Pop Culture appear to have faithfully reproduced the original comics, flaws and all. Sarbajit Sen, the artist for the first two books (The Red-Hooded Gang and Operation Rescue) appears to me to be a far superior artist to Avijit Chatterjee who did Runners of The Golden Horn and Legacy of the Gods. We’re given no clues as to who was responsible for the mystifying decision to have all the text in Operation Rescue be in cursive. And Kerawala’s grasp of the English language isn’t always all it could be. (He has now written a Timpa novel, The Soothsayer of Sealdah. I do not recommend it.)
And yet. Kerawala’s Calcutta feels just right, Timpa’s father and Grandpa are fantastic (his mother, who is usually the sole female character, sort of hangs around in the background weeping about her son’s safety). I complain about the less than perfect use of English, but Kerawala clearly has enough command over the language to make wordplay something that his characters indulge in almost instinctively. Timpa may be a lukewarm Tintin ripoff, but his setting and the people around him feel a lot more real than the people in Tintin’s world. If not necessarily realistic.
Which brings me to the real reason to read these comics – the fourth one, Legacy of the Gods.
Rereading Hergé’s Flight 714 last year I realised that it had first been published in 1968, the same year as Erich Von Däniken’s Chariots of the Gods? Von Däniken’s theory in this book (popular with teenagers around the world, or at least it was in my day) is that in Earth’s far-distant past it was visited by various extra-terrestrials whose far superior technology made them appear as gods or angels to our primitive ancestors. Flight 714 has Tintin and his companions taken aboard a hijacked plane to an island that, the natives claim, was once visited by gods in “fire-lorries”. There are statues that look suspiciously astronaut-like, and a strange man who can communicate telepathically, but aliens wipe the characters’ memories of these events before anyone else can be told.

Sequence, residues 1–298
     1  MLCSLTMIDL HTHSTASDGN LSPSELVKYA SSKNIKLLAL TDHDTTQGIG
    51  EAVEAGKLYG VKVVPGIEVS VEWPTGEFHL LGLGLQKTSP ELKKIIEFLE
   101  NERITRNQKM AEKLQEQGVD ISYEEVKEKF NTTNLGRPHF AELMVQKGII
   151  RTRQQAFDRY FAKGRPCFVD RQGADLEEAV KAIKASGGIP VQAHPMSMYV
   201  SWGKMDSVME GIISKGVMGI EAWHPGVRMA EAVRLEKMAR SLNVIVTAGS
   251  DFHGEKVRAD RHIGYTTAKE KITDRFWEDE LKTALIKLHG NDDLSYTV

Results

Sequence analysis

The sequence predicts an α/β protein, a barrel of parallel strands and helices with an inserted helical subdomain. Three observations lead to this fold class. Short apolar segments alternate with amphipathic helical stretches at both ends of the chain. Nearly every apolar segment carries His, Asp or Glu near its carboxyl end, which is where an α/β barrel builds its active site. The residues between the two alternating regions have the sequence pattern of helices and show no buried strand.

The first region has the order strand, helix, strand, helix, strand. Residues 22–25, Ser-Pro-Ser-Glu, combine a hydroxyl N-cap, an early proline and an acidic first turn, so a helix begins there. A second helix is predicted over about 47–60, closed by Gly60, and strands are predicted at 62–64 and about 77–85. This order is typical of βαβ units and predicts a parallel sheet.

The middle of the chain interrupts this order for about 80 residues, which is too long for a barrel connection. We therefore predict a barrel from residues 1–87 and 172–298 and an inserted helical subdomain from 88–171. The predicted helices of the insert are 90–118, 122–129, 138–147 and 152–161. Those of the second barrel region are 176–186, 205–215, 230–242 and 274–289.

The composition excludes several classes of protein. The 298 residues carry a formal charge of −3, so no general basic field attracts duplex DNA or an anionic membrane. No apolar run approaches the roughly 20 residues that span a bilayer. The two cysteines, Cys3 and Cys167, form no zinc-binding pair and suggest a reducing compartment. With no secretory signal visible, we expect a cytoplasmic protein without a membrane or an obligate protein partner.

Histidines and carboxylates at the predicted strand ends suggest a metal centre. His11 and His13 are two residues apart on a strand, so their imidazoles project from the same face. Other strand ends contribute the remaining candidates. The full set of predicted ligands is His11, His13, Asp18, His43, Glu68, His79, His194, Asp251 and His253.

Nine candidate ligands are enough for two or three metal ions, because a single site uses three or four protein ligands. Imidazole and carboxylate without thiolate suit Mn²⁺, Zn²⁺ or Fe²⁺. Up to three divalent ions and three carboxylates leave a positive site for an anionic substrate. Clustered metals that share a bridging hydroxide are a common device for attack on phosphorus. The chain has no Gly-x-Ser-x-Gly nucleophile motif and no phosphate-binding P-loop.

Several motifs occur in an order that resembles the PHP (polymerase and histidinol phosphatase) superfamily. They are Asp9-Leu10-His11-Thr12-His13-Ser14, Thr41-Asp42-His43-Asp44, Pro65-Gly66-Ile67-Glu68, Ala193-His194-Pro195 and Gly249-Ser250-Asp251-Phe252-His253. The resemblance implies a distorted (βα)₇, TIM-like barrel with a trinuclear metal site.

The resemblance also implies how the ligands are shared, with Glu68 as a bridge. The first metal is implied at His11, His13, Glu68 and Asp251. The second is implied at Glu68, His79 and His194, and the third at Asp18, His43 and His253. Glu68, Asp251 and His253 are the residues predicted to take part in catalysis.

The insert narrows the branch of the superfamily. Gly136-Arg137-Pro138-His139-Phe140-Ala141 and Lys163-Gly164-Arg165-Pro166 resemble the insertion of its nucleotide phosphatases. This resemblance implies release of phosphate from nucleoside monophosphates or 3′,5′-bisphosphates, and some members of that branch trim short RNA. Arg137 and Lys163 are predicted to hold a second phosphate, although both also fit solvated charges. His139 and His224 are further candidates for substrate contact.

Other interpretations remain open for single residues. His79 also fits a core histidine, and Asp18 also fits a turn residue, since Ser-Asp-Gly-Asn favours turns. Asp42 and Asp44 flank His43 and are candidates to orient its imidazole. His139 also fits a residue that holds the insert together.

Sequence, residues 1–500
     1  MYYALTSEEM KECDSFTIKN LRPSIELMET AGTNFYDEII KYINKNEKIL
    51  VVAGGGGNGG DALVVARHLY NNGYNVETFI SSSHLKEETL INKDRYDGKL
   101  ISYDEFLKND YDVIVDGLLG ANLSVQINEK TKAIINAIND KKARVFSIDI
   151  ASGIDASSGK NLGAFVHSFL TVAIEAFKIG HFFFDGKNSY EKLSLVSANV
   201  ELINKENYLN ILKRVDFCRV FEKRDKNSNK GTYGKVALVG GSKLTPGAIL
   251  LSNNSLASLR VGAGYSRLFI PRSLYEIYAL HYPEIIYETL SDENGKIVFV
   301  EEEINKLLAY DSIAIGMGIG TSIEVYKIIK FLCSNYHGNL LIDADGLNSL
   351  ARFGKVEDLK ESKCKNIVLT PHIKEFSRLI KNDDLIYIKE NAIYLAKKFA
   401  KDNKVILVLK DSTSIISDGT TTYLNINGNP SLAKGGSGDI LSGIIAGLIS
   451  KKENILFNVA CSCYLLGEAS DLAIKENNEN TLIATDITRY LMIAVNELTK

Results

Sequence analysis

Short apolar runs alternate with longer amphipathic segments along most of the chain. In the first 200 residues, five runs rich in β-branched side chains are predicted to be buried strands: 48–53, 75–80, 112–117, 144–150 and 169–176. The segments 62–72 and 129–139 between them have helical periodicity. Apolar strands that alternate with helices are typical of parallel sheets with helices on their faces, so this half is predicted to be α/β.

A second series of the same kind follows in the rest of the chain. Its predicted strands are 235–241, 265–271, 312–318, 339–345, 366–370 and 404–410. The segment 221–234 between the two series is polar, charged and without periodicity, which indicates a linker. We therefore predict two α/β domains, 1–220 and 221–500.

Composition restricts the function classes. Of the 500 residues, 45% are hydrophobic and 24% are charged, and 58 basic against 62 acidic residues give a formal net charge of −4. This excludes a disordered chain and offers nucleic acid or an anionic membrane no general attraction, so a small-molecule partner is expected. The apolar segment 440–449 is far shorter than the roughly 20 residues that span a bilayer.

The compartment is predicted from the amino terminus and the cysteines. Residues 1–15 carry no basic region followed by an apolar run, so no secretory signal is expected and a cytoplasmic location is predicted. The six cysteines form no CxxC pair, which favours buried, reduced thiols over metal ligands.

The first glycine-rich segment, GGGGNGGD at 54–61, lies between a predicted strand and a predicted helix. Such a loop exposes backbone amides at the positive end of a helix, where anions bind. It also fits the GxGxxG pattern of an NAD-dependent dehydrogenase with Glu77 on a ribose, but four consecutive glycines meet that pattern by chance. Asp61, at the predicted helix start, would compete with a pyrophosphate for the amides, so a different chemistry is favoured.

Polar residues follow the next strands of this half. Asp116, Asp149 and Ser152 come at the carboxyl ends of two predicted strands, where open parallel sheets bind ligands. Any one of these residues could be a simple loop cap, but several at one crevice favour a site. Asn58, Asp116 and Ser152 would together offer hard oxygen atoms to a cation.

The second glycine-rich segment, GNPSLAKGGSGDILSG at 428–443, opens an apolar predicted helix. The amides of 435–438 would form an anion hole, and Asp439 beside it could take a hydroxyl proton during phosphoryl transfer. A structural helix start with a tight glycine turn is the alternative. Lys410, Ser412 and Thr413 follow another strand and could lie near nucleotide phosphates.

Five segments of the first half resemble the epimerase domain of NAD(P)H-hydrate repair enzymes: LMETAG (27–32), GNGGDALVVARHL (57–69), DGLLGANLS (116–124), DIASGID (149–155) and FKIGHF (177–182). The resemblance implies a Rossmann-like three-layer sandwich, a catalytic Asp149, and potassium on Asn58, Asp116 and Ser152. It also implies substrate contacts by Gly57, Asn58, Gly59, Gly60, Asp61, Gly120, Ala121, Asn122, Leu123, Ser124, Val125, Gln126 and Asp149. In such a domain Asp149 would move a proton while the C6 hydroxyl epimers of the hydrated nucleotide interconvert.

I’m not sure if it was coincidence or a deliberate continuation of the Tintin theme that prompted Kerawala to do a Chariots of the Gods?-themed Timpa story. Legacy of the Gods opens with a direct reference to the book when we see Timpa’s father reading Von Däniken.
Soon after, Timpa visits an uncle in Murshidabad, stumbles upon a secret underground chamber and finds ancient scrolls written in an unknown script.
As Timpa suffers from a raging fever caused by snakebite he dreams of a strange man (we will learn that he is an alien) who warns him that the knowledge in these 14,000 year old scrolls is dangerous to humans. The alien’s name is … Vladimir. I cannot explain this. I also cannot explain why Vladimir has sparser chest hair and better skin on the cover of the book.
The scrolls, it turns out, are in an old form of Pali. Naturally the Indian government fails to listen to young Timpa’s insistence on the importance of these scrolls. Naturally the Americans and the Russians (this is set in the 1980s) are interested. A series of kidnappings and interchangeable villains follow.